Carbon monoxide detector standards
Carbon monoxide is a leading cause of poisoning death and poisoning related injury worldwide.
Obviously carbon monoxide detector standards are important but do existing standards actually
protect your health and family? Shockingly they only protect against acute poisoning but do not protect against
Carbon Monoxide Alarm Standard
(USA & Canada) UL-2034 / CSA-6.19
This standard was implemented in the early 1990's to cover detectors supplied and used in the US, Canada, and
Mexico. The standard has been amended a number of times since its inception (1997, 1998, 2001). Products officially
approved to this standard must be clearly marked with the UL symbol.
American carbon monoxide detector requirements:
- Must NOT sound an audible alarm at 70 ppm or less for 60 minutes
- Must NOT sound an audible alarm at 30 ppm for 30 DAYS
- MAY NOT sound an audible alarm at 70 ppm for up to 4 hours, [240 minutes]
- ALL UL-2034 / CSA-6.19 C O alarms are “Tested” only at 70, 150 and 400 ppm
- The Standards state that 70 ppm can be +/-5 ppm; therefore the LOWEST LEVEL that a UL-2034 / CSA-6.19 C O
alarm MUST BE TESTED is 65 ppm.
The "WARNINGS LISTED" on every UL-2034, CSA-6.19 or I.A.S. detector make it VERY CLEAR that their alarms DO NOT
provide "Health" Protection because they FORBID AUDIBLE WARNINGS AT 30 PPM for 30 DAYS; thereby providing NO, ZERO
PROTECTION from chronic low level carbon monoxide poisoning.
European CO Detector Standard: EN50291
This standard was implemented in April 2001 and superseded the British Standard BS7860 in April 2006. Approved
products must be clearly marked with the EN50291 number and may also display the Kitemark symbol.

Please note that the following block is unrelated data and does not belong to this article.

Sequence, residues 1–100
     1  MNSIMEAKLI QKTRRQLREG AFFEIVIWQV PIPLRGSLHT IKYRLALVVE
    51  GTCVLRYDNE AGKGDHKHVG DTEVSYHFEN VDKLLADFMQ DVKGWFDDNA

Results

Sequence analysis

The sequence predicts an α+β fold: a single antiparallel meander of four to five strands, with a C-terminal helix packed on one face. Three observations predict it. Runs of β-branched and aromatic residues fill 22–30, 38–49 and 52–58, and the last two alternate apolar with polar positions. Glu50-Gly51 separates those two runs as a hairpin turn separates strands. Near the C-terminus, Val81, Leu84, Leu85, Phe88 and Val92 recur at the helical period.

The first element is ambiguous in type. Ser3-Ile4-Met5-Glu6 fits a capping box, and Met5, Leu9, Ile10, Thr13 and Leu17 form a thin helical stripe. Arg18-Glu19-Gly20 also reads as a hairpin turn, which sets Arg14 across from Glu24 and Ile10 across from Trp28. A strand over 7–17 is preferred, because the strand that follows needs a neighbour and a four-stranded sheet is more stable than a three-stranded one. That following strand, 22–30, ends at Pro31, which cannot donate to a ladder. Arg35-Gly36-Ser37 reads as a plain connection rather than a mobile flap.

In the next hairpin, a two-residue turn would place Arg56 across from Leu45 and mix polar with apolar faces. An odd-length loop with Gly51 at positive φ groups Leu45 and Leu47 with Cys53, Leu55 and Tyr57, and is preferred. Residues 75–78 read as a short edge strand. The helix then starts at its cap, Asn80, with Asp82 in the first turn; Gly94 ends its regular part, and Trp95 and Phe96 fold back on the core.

European carbon monoxide detector requirements:
- at 30 ppm CO, the alarm must not activate for at least 120 minutes
- at 50 ppm CO, the alarm must not activate before 60 minutes but must activate before 90 minutes
- at 100 ppm CO, the alarm must not activate before 10 minutes but must activate before 40 minutes
- at 300 ppm CO, the alarm must activate within 3 minutes
The problem with carbon monoxide detector standards
Carbon monoxide detector standards are designed to trigger alarms when carbon monoxide levels reach a certain
level (for a certain amount of time).
They are designed to prevent acute
poisoning (one time accidental poisoning). They are not designed to prevent chronic poisoning (multiple low level
The standards totally ignore the risk and danger of [ongoing] exposure to low levels of carbon monoxide - which
is a genuine threat and danger to a far greater number of people.
For example: The United States (Underwriters Laboratories or UL) and Canada (CSA) have coordinated carbon
monoxide standards and product testing. 2010 standards prohibit showing CO levels of less than 30 ppm on digital
displays. New standards require the alarm to activate at higher (not lower) levels of carbon monoxide than the old
The reason for the changes is to reduce calls to fire departments, utilities and emergency response teams when
the carbon monoxide levels are not life threatening (but ignores the fact that low level CO exposure is health
This means that new alarms will not sound at CO concentrations up to 70 ppm. It is ironic and "alarming" as this
is significantly in excess of Health Canada guidelines as well as Occupation Safety and Health Guidelines.
Detectors with a digital display and a "history" option can provide the true CO concentrations in a house. A
low-level display is useful for people with existing respiratory problems, heart conditions, or anyone wanting to
be proactive (rather than waiting for a situation to become serious). Low-level CO detection products are
commercially available but are not certified to CSA or UL standards as these standards prohibit low-level
Although not widely available, low level carbon monoxide detectors save lives and also alert people to low
levels of CO - which can trigger symptoms
Buy a low level carbon monoxide detector here...
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